Report reveals horror of torture used in Iraq

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HORRIFYING details of the torture Saddam Hussein is accused of perpetrating against his own people were revealed yesterday.

Researchers preparing an indictment of Saddam for crimes against humanity detailed evidence of torture, murder and ethnic cleansing from witnesses in northern Iraq.

Their report included eyewitness accounts of prisoners being killed by being fed through industrial shredders and children gassed in jail.

Shanaz Rachid, the daughter of a Kurdish leader, told a meeting of MPs that action must be taken against Saddam by the international community which she accused of standing by for more than two decades while the Iraqi people suffered.

Ann Clwyd, a Labour MP who recently returned from the latest of several visits to Kurdish northern Iraq, said that for the first time in her years of involvement with the country, Iraqi people were urging war to overthrow Saddam.

"These people are asking for war," said Ms Clwyd, who heads a parliamentary committee on Iraq. "They think it is the only way to overthrow Saddam. I have to agree with them."

End game: chemical weapons

SADDAM Hussein is planning attacks on his own people in the event of a US-led war, and has put a top general nicknamed Chemical Ali in charge of southern Iraq to quell any civilian uprisings, according to reports.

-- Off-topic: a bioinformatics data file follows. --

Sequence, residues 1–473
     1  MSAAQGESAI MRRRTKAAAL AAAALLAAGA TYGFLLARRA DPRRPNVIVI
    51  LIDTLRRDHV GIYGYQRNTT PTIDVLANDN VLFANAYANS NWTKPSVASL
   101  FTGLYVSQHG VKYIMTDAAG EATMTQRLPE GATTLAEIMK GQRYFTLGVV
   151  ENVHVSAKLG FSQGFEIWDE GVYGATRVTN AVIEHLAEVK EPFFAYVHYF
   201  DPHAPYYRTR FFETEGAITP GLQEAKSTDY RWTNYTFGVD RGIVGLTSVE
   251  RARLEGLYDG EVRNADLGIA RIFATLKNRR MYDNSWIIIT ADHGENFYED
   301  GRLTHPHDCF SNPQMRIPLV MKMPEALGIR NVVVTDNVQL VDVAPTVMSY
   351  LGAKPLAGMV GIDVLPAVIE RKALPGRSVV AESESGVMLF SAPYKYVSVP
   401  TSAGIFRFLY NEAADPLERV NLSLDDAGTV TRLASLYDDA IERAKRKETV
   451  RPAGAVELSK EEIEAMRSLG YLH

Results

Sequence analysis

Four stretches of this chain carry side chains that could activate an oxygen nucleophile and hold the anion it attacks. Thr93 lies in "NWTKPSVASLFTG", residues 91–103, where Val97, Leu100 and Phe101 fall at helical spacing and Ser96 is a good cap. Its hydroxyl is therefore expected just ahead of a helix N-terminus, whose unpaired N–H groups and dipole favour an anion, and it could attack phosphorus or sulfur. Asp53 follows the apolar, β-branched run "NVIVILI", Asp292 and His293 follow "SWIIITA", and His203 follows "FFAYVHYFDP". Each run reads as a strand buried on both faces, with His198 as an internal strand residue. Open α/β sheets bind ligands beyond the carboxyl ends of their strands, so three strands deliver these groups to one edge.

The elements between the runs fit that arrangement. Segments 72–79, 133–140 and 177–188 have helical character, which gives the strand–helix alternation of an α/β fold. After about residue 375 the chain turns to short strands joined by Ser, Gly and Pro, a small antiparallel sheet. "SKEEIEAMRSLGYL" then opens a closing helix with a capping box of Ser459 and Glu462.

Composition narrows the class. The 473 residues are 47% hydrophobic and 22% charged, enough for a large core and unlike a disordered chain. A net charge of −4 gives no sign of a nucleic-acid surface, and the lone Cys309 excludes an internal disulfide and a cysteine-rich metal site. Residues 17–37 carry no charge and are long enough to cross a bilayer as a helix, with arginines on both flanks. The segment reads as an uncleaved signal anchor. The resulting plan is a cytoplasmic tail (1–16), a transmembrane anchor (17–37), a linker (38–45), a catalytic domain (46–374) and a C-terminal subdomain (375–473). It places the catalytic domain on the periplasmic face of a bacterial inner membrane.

US military officials told the Washington Times that there are increasing signs Saddam will kill his own people and blame the atrocities on invading US forces. Bush administration officials said last week Saddam was planning to dress Iraqi forces in US and British uniforms and order them to kill innocent civilians.

The US defence secretary, Donald Rumsfeld, warned on Tuesday that Saddam was considering shelling civilians with deadly chemical weapons, as he did in 1988, killing up to 100,000 Kurds in northern Iraq.

A US military official told the newspaper that at least two Republican Guard divisions are now believed to be armed with chemical artillery shells.

Military planners believe Saddam has nothing to lose by unleashing weapons of mass destruction, as the goal of the coalition troops is to capture or kill him.

The newspaper said that a sign that Saddam is serious about attacking civilians comes in reports from inside Iraq that General Ali Hassan al-Majid, or "Chemical Ali," has been placed in charge of military activities in the south of the country. Gen Majid commanded the 1988 chemical weapons attacks on the Kurds.